This content was originally published on The Resilience Shift website. The Resilience Shift, a 5-year programme supported by Lloyd’s Register Foundation and hosted by Arup, transitioned at the end of 2021 to become Resilience Rising. You can read more about The Resilience Shift’s journey and the transition to Resilience Rising here.
Fostering Resilience-oriented thinking in Engineering Practice is a paper recently published in the Engineering Sustainability Journal of the Institution of Civil Engineering. The paper is a result of roundtables convened by Resilience Shift to discuss the resilience of critical infrastructure systems. It is one of a range of initiatives to help advance the application of resilience thinking in developing and managing critical infrastructure systems.
Engineers working on infrastructure projects are often required to focus on value for money and delivering on time. It can sometimes be hard for engineers to balance these priorities with their wider obligations to the communities the infrastructure serves. The resilience of the infrastructure being built – its ability to withstand shocks and stresses – can have a profound effect on the well-being of current and future generations but building in increased resilience can have cost implications. There is also a moral obligation to minimise the impact infrastructure has on the environment. Ensuring these obligations are met, while keeping projects within budget and time-schedule, can be challenging and that is why Resilience Shift convened these series of discussions.
The roundtables were held in the UK (London), USA (Berkeley) and New Zealand (Christchurch) and were intended to bring together a diverse group of stakeholders who would not typically have an opportunity to engage with each other. Participants included asset owners, council officers, health specialists, engineering design specialists, community leaders and academics.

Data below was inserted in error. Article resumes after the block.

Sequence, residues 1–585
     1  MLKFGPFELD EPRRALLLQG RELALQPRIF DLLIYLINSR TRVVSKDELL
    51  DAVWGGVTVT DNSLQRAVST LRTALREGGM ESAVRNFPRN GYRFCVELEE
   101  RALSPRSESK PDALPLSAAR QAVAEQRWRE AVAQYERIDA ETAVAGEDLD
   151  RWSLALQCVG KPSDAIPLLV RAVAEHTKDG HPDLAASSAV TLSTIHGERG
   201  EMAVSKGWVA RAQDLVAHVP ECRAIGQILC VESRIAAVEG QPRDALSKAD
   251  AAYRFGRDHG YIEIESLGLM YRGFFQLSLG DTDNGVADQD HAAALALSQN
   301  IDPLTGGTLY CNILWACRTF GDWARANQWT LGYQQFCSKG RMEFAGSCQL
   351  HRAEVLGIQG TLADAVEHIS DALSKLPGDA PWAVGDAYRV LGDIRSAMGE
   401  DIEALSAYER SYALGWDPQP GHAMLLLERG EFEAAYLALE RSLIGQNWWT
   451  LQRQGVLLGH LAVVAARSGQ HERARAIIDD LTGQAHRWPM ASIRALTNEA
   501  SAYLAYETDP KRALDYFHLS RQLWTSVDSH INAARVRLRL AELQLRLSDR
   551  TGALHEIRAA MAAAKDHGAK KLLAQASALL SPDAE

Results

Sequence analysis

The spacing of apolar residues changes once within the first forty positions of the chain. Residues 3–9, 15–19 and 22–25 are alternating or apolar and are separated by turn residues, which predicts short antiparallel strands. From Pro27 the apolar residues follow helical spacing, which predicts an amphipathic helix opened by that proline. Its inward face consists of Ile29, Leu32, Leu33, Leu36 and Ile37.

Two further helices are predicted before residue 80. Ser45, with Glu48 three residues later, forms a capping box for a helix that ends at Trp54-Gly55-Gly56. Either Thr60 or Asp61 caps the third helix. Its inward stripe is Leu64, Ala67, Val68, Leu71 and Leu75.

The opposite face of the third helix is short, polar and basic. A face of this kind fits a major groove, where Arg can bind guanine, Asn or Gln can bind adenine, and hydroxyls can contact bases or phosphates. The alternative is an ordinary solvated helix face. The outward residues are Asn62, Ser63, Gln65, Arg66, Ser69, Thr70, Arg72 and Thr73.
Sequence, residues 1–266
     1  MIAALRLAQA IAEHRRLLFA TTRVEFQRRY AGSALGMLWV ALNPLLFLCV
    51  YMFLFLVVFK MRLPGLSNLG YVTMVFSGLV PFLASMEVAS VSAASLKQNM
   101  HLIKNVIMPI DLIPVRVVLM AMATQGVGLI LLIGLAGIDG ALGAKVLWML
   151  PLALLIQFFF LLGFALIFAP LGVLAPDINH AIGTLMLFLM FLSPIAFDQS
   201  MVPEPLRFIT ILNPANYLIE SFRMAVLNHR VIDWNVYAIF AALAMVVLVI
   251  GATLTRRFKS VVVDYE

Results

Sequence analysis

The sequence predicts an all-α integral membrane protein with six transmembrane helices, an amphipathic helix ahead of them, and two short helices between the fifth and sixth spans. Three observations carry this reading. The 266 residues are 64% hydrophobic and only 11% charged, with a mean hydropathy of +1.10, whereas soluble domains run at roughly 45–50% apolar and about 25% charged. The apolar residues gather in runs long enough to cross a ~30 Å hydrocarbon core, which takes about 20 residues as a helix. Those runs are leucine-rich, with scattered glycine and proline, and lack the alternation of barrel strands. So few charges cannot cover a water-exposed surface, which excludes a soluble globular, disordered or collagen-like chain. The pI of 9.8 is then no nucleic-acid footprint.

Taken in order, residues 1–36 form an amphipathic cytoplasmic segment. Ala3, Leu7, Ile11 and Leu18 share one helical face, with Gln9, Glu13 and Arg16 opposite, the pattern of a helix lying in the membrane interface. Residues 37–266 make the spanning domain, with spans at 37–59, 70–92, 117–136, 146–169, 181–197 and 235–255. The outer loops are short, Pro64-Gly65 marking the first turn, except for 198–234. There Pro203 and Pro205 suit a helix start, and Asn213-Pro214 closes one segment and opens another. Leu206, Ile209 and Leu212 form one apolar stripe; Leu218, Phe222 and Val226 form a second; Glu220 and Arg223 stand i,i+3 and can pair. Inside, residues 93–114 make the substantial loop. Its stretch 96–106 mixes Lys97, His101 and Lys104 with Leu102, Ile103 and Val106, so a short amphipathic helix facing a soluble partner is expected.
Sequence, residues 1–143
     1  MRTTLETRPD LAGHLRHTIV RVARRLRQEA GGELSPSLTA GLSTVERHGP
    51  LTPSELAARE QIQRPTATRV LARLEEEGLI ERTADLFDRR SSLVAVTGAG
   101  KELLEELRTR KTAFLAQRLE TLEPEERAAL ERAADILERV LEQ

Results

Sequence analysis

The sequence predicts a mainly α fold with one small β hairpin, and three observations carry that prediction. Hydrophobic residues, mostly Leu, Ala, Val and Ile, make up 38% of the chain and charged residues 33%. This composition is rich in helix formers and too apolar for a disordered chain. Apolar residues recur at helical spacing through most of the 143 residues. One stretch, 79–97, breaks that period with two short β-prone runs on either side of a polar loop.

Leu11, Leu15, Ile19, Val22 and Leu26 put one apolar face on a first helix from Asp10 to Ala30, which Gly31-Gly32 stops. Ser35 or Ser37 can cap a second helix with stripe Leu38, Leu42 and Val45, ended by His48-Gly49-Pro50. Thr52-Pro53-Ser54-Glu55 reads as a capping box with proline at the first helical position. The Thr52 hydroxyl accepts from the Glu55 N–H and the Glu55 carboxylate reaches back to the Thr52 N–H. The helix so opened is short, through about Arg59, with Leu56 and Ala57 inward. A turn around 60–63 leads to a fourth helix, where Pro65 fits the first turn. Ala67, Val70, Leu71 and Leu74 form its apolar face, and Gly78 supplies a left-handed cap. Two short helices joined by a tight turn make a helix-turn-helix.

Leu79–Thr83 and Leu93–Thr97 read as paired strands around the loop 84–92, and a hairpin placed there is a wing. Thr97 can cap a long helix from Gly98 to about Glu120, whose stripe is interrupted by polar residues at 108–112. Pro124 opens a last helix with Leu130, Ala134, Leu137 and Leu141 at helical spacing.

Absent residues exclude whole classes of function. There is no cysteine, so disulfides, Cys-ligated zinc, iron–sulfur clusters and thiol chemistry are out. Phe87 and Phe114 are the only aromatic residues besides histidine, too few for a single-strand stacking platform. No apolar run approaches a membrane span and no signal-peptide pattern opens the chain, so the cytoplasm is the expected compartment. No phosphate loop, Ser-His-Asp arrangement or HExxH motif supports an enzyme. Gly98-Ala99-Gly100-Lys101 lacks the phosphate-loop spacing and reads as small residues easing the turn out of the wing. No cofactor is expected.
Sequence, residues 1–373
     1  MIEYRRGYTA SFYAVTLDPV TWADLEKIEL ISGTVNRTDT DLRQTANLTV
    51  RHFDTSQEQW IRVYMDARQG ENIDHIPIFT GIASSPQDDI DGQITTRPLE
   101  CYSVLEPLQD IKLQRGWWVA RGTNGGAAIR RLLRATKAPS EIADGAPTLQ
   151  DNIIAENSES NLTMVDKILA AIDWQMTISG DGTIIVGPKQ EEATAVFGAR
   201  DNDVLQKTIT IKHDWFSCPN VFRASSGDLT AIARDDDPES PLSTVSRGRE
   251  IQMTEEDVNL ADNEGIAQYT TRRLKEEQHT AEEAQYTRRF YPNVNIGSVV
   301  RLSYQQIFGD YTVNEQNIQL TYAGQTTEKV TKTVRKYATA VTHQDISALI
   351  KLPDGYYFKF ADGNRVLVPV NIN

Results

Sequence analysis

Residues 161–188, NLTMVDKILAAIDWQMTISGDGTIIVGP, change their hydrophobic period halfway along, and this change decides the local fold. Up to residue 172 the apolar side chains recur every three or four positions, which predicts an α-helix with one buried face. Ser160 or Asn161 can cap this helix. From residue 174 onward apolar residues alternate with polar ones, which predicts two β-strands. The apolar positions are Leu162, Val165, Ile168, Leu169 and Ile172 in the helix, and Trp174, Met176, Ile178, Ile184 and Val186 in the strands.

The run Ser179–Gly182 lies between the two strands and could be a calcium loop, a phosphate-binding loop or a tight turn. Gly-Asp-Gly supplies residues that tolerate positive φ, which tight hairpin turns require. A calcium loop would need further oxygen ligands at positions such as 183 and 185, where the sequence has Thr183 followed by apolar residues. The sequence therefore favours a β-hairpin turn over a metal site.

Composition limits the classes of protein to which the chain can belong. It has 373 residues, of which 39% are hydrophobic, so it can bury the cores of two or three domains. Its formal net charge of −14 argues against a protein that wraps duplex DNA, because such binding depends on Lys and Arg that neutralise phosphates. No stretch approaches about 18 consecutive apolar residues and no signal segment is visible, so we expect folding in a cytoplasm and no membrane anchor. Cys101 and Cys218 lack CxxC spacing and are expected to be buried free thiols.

The discussions were wide ranging at all three roundtables, however the UK roundtable focussed on ports and their supporting infrastructure systems, the conversation in the US looked at the application of city-scale modelling tools, and the discussions in Christchurch reflected on the experiences recovering from the earthquakes there in 2010 and 2011.
The findings of the paper “emphasise that multi-agency coordination and collaboration is required to advance resilience thinking in professional practice and to move beyond traditional risk-based paradigms.”
Another key conclusion is that a “lack of strategic oversight to coordinate response to resilience is a core barrier to the coordination of resilience thinking across organisations, but there is strategic and operational value in convening people from different organisations and sectors to explore infrastructure resilience.”
Dr Kristen MacAskill, one of the paper’s authors said, “many countries remain in an emergency response phase to manage the coronavirus crisis, or are starting to emerge from it. As we start to think more about a “new normal”, there is an opportunity to take a more coordinated approach to management of critical infrastructure systems. Underlying this is a need to be open to exploring how shocks and stresses present threats not just to the physical functioning of assets, but also to how they are managed. Through preparing for a range of possible futures, we are more equipped to deal with the reality that does emerge.‘
Fostering Resilience-oriented thinking in Engineering Practice The paper was authored by Kristen MacAskill, Francesca O’Hanlon, Peter Guthrie OBE from the Department of Engineering at the University of Cambridge, and Juliet Mian, Technical Director, Resilience Shift.